Father of 8-year-old boy with disability crowdsourcing for son's care, education
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Father of 8-year-old boy with disability crowdsourcing for son's care, education

Kyram Dear is non-verbal, and communicates through a series of blinks and tongue clicks, which powers a computer that allows him to string together sentences. His father Myles has started a crowdsourcing campaign to pay for his son's care and education.

OTTAWA – The father of an 8-year-old Richmond boy with severe Cerebral Palsy has started a crowdsourcing campaign, to raise money for his son’s equipment and specialized care needs.

Kyram Dear is non-verbal, and communicates through a series of blinks and tongue clicks, which powers a computer that allows him to string together sentences.

He is not able to sit, stand, or walk on his own, but is incredibly intelligent.

Despite his disability, Kyram has learned to read and write at a third grade level, thanks to the developmental education program at St. Luke’s Elementary School in Barrhaven.

His father Myles Dear is a software engineer for Cisco Systems in Ottawa, and lost his wife in 2011.

Government grants combined with insurance money from Kyram’s mother’s death has kept his education and equipment needs met, but that money has been exhausted.

“I need to find new ways of being able to support this wildly successful team,” Myles said.

“I don’t want the house of cards to come crashing down.”

Myles said after a lot of soul searching he wanted to reach out to the global community to, “tell our story and share our son with the world.”

Myles decided to create a fundraising video, and post it on the crowdsourcing website youcaring.com.

So far the campaign has raised $10,000, with a goal of raising $65,000 to fund one year of ongoing care for Kyram.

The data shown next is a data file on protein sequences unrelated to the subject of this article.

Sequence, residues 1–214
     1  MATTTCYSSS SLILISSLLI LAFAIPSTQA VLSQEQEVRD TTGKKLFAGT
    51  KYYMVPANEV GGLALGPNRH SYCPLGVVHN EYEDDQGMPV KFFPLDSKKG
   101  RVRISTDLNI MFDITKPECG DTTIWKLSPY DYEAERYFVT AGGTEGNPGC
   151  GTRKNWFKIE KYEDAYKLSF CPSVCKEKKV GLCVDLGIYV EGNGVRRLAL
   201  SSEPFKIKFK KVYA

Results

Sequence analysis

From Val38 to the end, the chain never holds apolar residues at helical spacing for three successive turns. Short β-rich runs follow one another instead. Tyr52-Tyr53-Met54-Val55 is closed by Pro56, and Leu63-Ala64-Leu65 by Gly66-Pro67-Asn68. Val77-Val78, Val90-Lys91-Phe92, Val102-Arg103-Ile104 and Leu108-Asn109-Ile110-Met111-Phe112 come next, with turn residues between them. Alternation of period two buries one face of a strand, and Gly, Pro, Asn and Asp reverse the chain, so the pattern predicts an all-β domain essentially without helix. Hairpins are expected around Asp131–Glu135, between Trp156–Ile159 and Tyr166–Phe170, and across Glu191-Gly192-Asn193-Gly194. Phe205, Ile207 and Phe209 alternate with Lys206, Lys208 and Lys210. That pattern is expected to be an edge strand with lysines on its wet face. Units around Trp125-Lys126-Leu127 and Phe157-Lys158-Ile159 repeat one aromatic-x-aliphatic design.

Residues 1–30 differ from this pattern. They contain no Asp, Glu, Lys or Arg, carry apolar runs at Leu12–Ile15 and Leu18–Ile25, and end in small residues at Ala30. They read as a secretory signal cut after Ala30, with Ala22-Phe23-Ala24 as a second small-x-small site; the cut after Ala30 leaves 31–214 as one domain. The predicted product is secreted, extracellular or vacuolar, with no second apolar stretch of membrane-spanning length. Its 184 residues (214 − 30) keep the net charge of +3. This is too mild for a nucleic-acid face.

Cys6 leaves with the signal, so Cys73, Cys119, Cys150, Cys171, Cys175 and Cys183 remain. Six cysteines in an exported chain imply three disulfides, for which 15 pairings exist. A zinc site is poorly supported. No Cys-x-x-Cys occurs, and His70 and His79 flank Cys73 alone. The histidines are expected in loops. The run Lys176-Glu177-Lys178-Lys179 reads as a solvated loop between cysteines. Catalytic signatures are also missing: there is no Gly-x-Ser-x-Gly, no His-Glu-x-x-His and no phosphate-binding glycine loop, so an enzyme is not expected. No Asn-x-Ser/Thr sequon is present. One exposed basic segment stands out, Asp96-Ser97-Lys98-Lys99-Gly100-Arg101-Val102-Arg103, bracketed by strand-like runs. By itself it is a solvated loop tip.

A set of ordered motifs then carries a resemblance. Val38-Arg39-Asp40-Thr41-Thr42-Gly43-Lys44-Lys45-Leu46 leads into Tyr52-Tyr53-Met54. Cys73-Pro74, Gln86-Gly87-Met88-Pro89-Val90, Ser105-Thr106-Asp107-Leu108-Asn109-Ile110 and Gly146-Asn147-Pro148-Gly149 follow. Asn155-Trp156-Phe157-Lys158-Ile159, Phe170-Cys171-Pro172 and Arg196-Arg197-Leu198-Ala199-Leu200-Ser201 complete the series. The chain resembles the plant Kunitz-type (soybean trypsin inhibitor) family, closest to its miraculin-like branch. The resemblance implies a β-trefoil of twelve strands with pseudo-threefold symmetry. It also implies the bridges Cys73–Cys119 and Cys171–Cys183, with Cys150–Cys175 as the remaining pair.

“It was a big step but I think it was an important one, and it was the right time to do it.”

So far, people from East India, the United States and Canada have come forward with donations.

Kyram needs 24 hour care, as Myles says that he has stopped breathing in his sleep and needs a nurse to constantly monitor him at night.

Myles said in the last year Kyram, “has taken off like a little rocket,” in terms of development, in large part thanks to his education at St. Luke’s.

He spends one hour a day with well kids his own age in his Grade 2 class along with a one on one worker, allowing him to socialize and interact with kids his own age.

The rest of the day Kyram is in the school’s resource room where he has a one-on-one worker.

He also receives special therapies and language training as well.

“It’s a wonderful, inclusive and integrated school where it’s just as common to see somebody walk down the hall on feet, in a wheel chair or on a walker,” Myles said.

“You’ve heard of kids being colour blind, well kids are disability blind in that school, they just see people for who they are not what they can or can’t do physically.”

In addition to the fundraising campaign, Myles said he is also working with his local MPP and the provincial government to find a long-term solution to the issue, and he knows he is not alone.

“It’s a very difficult, wide, deep, complex problem to solve, and Ontario families of special needs kids are really going to need to put their brains together to help the government figure out where to go from here,” Myles said.

“I want to be part of the solution rather than part of the problem.”

To donate to Kyram’s campaign, you can click here.

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